Liberty’s founder died last year, but a red basketball jersey with
the name “Falwell” hangs front and center in the arena. The ghost of
the fiery minister is everywhere, most prominently in his 46-year-old
son, Jerry Jr., who now serves as the university’s chancellor and
carries out his father’s vision of blending faith and politics. While
the younger Falwell has not publicly endorsed a presidential candidate,
he reminds students of the importance of their vote. “So much is at
stake,” he says from the stage. He announces that the Obama campaign
has been in touch with Liberty about a possible appearance and he urges
courtesy. “If they come, I hope you show them respect and don’t shout
them down like they do our folks,” he says.

McCain was not the first choice for many at Liberty, owing in part to
his strained history with the Christian right. While campaigning
against Bush in the 2000 primaries, McCain accused the elder Falwell of
being an “agent of intolerance” along with Pat Robertson and said both preachers were pulling the GOP
toward extremism. But when McCain began gearing up in 2006 for another
run, he accepted Falwell’s invitation to deliver Liberty’s graduation

Claire Ayendi supported former Massachusetts governor Mitt Romney
in the Republican primaries but is now fully behind McCain. For the
Nigerian who grew up in lefty Silver Spring, her spiritual journey
began when she was 12 and went on a church mission trip. After
graduating from James Hubert Blake High School in 2005 she decided on
Liberty, and as a freshman in this politically conservative environment
her ideals took shape. In addition to opposing abortion and same-sex
marriage, she is against social welfare programs and overtaxation by
the government.

In any other campaign, Ayendi’s views would be in synch with those
of most Liberty students, but in a year when the nation has its first
black presidential nominee — a candidate with an African father —
Ayendi is taking enormous heat. Black students make up 9 percent of
Liberty’s population, and many are putting aside their convictions on
abortion to vote for Obama. And there is Ayendi sitting behind the
“Vote for McCain” table. She has been accused of racial betrayal.

In the fall, she attended an Obama rally to see what the Democrat
was all about. “It’s amazing and historical,” she says of his
candidacy. “I would be so excited if he were a conservative. But we’re looking at the appointment of two, maybe three Supreme Court justices.”

Rumors fly around campus that Ayendi is a plant for the Obama campaign.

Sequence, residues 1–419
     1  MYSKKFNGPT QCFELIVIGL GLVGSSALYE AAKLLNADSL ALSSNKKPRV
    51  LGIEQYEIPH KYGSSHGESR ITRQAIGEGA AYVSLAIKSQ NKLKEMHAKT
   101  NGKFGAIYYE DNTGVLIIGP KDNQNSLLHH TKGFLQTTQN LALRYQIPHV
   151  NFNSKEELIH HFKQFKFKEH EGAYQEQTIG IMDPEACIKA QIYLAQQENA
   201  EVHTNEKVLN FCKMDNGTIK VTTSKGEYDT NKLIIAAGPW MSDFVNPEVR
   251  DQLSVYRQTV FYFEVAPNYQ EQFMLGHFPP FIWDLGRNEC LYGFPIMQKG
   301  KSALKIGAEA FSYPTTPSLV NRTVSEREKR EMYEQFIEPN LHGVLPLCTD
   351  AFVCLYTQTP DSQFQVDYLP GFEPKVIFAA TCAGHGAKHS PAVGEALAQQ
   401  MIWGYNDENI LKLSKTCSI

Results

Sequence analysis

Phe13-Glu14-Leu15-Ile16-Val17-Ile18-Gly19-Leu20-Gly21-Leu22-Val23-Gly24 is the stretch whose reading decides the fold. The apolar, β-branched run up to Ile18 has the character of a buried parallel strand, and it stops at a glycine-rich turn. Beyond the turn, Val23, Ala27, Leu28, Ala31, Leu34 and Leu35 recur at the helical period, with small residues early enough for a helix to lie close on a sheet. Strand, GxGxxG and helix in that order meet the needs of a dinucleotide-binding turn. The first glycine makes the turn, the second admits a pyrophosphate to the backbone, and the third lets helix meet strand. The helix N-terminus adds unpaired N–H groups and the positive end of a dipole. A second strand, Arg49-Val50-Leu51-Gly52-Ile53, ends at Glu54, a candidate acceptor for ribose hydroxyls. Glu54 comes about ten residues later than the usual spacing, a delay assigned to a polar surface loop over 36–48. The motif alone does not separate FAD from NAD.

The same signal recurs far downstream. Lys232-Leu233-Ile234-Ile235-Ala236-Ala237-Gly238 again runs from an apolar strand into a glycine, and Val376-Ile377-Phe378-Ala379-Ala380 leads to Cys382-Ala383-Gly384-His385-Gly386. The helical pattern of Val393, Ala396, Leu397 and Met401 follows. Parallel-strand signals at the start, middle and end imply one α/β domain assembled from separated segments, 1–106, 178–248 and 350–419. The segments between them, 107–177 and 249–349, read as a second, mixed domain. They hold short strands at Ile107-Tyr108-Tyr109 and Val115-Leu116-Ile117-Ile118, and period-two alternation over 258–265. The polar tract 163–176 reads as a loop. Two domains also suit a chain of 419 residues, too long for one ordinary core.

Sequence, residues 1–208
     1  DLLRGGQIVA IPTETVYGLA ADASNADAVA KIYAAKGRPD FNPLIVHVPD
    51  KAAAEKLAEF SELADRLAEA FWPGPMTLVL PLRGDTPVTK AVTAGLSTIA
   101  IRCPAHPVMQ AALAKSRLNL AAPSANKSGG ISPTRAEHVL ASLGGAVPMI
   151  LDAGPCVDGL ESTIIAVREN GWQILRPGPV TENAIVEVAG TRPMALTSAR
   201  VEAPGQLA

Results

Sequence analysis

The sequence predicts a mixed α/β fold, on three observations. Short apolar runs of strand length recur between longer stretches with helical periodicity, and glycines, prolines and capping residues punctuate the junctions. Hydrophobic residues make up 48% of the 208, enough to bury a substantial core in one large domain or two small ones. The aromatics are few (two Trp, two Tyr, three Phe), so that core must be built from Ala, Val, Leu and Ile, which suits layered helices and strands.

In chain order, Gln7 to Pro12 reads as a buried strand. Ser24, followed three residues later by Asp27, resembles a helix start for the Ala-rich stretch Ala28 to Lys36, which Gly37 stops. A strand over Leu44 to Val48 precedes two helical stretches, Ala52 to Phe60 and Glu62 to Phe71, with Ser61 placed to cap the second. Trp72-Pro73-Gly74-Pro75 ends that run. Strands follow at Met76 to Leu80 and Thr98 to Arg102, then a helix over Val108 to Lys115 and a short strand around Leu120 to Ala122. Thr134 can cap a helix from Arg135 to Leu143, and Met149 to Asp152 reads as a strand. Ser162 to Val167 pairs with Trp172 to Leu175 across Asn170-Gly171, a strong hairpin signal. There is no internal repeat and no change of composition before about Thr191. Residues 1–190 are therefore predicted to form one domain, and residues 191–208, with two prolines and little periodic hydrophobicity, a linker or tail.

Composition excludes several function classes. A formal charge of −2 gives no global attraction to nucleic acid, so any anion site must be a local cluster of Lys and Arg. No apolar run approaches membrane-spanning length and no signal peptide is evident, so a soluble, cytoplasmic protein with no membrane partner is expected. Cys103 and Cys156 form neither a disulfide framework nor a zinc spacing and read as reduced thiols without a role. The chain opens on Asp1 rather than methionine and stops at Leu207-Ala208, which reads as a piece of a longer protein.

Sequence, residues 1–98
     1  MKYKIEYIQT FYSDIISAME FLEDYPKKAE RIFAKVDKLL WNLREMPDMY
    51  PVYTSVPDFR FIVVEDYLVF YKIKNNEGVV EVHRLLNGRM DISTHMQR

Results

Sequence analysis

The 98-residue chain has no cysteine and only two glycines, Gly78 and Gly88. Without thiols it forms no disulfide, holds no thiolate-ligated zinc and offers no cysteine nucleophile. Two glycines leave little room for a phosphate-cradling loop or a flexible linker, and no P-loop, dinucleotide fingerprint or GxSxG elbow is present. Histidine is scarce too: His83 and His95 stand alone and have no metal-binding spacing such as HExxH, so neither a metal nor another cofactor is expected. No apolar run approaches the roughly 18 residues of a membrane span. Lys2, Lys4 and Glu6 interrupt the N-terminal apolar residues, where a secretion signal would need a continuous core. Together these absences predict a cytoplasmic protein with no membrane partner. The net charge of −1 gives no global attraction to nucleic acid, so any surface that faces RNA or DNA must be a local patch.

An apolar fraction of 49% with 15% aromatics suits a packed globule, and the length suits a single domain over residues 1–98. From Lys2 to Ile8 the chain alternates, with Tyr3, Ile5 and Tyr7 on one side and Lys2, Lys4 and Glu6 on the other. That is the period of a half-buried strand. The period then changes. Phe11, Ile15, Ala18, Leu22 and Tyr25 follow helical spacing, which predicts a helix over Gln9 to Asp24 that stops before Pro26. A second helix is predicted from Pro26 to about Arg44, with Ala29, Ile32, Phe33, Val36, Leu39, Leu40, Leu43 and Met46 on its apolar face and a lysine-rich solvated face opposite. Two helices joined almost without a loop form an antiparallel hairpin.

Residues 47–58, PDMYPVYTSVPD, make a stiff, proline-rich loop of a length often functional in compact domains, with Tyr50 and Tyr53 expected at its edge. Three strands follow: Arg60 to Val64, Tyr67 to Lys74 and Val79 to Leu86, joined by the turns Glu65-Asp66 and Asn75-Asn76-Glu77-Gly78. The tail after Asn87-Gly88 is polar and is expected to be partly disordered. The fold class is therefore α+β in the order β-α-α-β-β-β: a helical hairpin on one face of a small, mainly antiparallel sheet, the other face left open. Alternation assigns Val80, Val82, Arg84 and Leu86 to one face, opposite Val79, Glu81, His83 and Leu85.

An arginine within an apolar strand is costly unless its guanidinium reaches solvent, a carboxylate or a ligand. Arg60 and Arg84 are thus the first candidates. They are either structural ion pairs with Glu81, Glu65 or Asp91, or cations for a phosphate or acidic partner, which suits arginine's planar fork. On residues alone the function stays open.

The pressure comes from all sides, and her face is showing the strain.
Her friend Allen gives her daily pep talks and says the campaign is
God’s way of making her dig deep. “No one works harder for McCain than
Claire,” Allen says.

The two friends balance each other out: Ayendi is quiet, judicious
and guarded, while Allen is a smoking pistol who says things like “God
is sovereign, man is fallen, I’m not gonna be perfect, get over it!” As
part of a new generation of young evangelicals, Allen rejects the
impersonal mega-churches of her youth in favor of mission work and a
connection with those she is helping. They both gulp chai tea, eat
vegan and listen to Vampire Weekend
like other college students, and their career agendas are just as
sharply focused as those of their Democratic counterparts. Both are
hesitant to criticize Bush but share disappointment that the size of
government has swelled under his watch. Neither support Washington’s
$700 billion bailout of Wall Street and believe that churches, synagogues and mosques — and not the federal government — should provide help to the needy.

Ayendi in particular believes that welfare programs promoted by
Democrats hold back African Americans. “You go out there in this
country and you work hard and you can make it,” says Ayendi, the
daughter of a diplomat and a nurse. “You can have your white picket
fence.” At the same time, she often finds herself explaining the
complications of race to her white Republican friends.

After convocation, Ayendi and Allen walk to their 11 a.m. government
class and unpack their books. “Did anyone watch ‘The Office’ last
night?” a student asks. “It was SO good.”

“Has anyone watched the British version?” Allen asks. “It’s way more ha-larious and way more out of bounds.”

“Hey, Meghan?” a student says.

“Yeah, babe?” Allen says. Just then, Tom Metallo, an associate
professor at Liberty’s Helms School of Government, calls the class to
order. He opens with a prayer: “Father, we thank you for the rich
heritage you’ve given us. As we approach this election season, we pray
that you give us the wisdom as we choose the next representatives of